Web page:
payment is made a stated number of days (usually 10-15) after the due
Lease - A written agreement between the property
owner and a tenant that stipulates the conditions under which the tenant may use
the real estate for a specified period of time and the amount of rent to be
Leasehold Estate - A tenant's interest in or right to
hold possession of a property.
Legal Description - A property description,
recognized by law, using a government rectangular survey, metes and bounds, or a
plot map to sufficiently locate and identify a property.
Lender's Fees - Fees paid to the lender to cover
costs associated with processing, underwriting and closing of the
Lending Guidelines - Every loan program has different
guidelines. Guidelines are used to meet Federal, State and Local laws and
enforce minimum requirements by the lender. Guidelines ensure that prospective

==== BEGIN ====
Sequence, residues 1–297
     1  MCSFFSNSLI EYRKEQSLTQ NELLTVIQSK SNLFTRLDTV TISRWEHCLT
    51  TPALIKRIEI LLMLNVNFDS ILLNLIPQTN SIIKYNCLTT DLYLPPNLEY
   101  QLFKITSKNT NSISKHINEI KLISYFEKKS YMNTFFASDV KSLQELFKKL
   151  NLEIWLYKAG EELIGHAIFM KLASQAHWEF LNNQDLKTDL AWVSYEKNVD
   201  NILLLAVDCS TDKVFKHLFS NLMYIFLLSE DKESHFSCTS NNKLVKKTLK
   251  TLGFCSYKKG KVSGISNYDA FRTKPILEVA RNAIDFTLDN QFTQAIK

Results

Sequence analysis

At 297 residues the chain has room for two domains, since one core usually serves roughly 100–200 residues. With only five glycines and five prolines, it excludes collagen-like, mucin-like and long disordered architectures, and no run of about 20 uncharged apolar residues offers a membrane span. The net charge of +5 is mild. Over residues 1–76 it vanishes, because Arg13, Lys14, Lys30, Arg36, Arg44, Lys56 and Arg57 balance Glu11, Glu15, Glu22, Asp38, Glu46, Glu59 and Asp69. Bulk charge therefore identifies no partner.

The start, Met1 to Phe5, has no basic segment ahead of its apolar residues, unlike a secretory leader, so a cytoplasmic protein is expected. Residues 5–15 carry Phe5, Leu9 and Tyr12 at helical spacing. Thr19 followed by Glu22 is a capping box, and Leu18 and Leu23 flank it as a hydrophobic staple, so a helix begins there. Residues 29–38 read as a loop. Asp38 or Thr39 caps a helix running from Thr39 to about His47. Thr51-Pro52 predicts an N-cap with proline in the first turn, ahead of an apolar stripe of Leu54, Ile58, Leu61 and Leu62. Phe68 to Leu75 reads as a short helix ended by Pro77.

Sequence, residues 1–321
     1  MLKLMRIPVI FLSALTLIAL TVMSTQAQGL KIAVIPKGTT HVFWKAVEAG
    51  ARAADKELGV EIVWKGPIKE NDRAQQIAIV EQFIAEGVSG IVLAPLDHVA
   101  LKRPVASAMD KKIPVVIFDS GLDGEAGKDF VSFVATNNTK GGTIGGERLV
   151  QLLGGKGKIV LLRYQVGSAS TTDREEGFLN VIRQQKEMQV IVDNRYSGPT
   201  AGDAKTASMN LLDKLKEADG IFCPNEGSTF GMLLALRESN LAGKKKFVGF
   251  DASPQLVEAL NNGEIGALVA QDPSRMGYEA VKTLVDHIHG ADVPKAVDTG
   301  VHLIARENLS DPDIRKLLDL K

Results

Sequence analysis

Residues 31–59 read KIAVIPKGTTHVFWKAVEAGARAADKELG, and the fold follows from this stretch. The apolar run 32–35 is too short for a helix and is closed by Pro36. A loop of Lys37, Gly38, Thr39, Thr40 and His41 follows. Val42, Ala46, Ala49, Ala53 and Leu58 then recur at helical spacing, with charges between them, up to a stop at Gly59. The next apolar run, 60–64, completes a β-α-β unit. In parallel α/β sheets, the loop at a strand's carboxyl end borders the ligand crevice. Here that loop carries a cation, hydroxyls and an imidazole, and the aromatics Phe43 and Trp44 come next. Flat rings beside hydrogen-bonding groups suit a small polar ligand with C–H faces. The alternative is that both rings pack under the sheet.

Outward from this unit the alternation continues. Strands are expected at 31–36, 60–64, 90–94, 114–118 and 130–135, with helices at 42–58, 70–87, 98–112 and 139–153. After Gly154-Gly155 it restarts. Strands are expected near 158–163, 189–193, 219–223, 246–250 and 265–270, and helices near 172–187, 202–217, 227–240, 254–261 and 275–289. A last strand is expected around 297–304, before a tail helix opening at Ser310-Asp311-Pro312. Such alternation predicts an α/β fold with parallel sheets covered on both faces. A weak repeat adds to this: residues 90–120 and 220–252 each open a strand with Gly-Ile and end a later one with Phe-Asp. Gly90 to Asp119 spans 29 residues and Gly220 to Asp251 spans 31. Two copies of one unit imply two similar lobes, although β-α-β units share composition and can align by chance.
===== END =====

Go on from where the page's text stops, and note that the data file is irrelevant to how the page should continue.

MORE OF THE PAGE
borrowers won't purchase a home that they won't be able to afford.
Liabilities - A person's debts or financial
obligations. Liabilities include long-term and short-term debt, as well as
potential losses from legal claims.
Liability Insurance - Insurance coverage that offers
protection against claims alleging that a property owner's negligence or
inappropriate action resulted in bodily injury or property damage to another
party. See also homeowners insurance.
Lien - A legal claim against a property that must be
paid off when the property is sold. A lien is created when you borrow money to
purchase or refinance a home loan or and with obtain a home equity